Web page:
Over the past 20+ years, the PC industry has revolved around key innovations in processor technology. Recent years have been marked by the emergence of multi-core processor technology. Today, there are essentially three types of processors currently available for the desktop PC user: single core, dual core, and quad core. The ‘core’ is the part of the microprocessor that does the work. This is different from computers with multiple processors. Dual or quad core computers only have a single processor, but that processor can have multiple ‘cores’. The advantages of multiple cores on a single processor include lower power requirements than multiple processors, less heat generation, which means a simpler cooling system, less complexity (and reduced manufacturing costs) in the motherboard as only a single socket is required, and reduced latencies between the communicating components, which translate directly into more speed. Besides the core, there is the cache area of the processor, which can be thought of as the ‘Inbox’ where work is temporarily stored while waiting for the processor to get to it. The bigger the cache, the more work that can be stored there and the more work that can be stored there, the less time it takes to get it processed. As you would expect, the amount of work each processor can do over a period of time increases with each additional core.
Some of the current offerings from Intel and AMD are illustrated below:
|INTEL||RELEASE DATE||AMD||RELEASE DATE|
|PENTIUM 4 (32 BIT)||NOVEMBER 2000
|ATHLON 64||SEPTEMBER 23, 2003|
|CORE (32 BIT)||JANUARY 5, 2006||ATHLON 64 FX||SEPTEMBER 23, 2003|
|CORE 2 DUO||JULY 27, 2006||ATHLON 64 X2||JANUARY 8 2005|
|(QUAD CORE)||NOVEMBER 2, 2006||(ATHLON X2)||JUNE 1, 2007|
|CENTRINO||MARCH 2003||TURION||MARCH 10, 2005|
|XEON||MID 2001||OPTERON||APRIL 22,2003|
On the Intel side we have the Pentium 4, Core, Core 2 Duo, Centrino, and Xeon as the most popular processors currently marketed. The Core 2 Duo also includes the Quad cores and the Extreme Editions. For AMD there is the Athlon 64, Athlon 64 X2, Athlon X2, Athlon FX, Turion, and Opteron.
32 bit vs. 64 bit
With the introduction of the Athlon 64 in September of 2003, AMD brought 64 bit computing to the desktop PC. 32 and 64 bit refer to the size or amount of data that can be processed in one operation. In the simplest of terms, for a large calculation, the 32 bit processor would have to make two transactions for every one the 64 bit processor makes. The speed implications are obvious. Additionally, 64 bit architecture greatly increases the amount of Random Access Memory that can be used during processing.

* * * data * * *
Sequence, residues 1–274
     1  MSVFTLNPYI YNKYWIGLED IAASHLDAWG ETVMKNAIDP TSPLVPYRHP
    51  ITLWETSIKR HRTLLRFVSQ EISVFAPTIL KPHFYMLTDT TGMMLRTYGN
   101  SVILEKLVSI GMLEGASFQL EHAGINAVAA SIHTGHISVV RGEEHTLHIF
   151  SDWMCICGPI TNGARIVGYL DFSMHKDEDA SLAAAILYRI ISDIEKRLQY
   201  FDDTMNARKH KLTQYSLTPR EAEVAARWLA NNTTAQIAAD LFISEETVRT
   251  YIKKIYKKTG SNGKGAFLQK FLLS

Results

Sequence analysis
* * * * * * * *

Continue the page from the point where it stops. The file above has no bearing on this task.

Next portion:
Today, virtually all new processors produced are 64 bit. Single core, 32 bit processor based systems are still available on the lower end of the price spectrum and remain suitable for less processor-intensive tasks, such as web surfing or email.
Along with being 64 bit capable, most current releases are also dual core processors. A dual core processor’s ability to perform multiple functions simultaneously can dramatically decrease the processing time necessary for processor-intensive tasks (photo editing, ripping/burning CDs/DVDs, computer gaming). Software applications that can take advantage of this enhanced processing capability have been uncommon, but are now beginning to emerge.
Core (Solo or Duo), Centrino, and Turion are the dual core models developed specifically for the mobile platform. They use less power and generate less heat, thereby being ideal laptop processors. Xeons and Opterons are designed specifically for the server market, although the AMD Opteron has also proven to be a popular and affordable choice for a desktop computer. The Intel Xeons and Centrinos have actually been through several different iterations while maintaining their purposeful names. Although released back in the days of the Pentiums, both are currently using the Core 2 architecture. Only the names remain the same.
Although very little software currently exists to take advantage of four cores, the quad core processor is the undisputed multi-tasking king. For multitasking with multiple processor-intensive tasks, such as video encoding while rendering an image, calculating a spread sheet, running a CAD program, and preparing a slide show, or any other combination of intense multi-tasking, a quad core processor is best equipped to handle the load. AMD, although first to market with a dual core desktop processor, has not yet released a quad core model. The next generation of AMD processors (K-10) is expected be released in late 2007 or early 2008. Early indications suggest that the AMD processor’s performance will be very competitive with the Intel series. For now, this leaves Intel unchallenged in the quad core space.
An 80 core processor currently in development at Intel represents a glimpse into processor technology of the future – dedicated to decreasing computing time by increasing the number of cores working the data. Each core will be relatively simple in design, but dividing the workload among 80 cores will dramatically reduce calculation times.
What role do clock speeds play?What are the differences between an AMD and an Intel processor?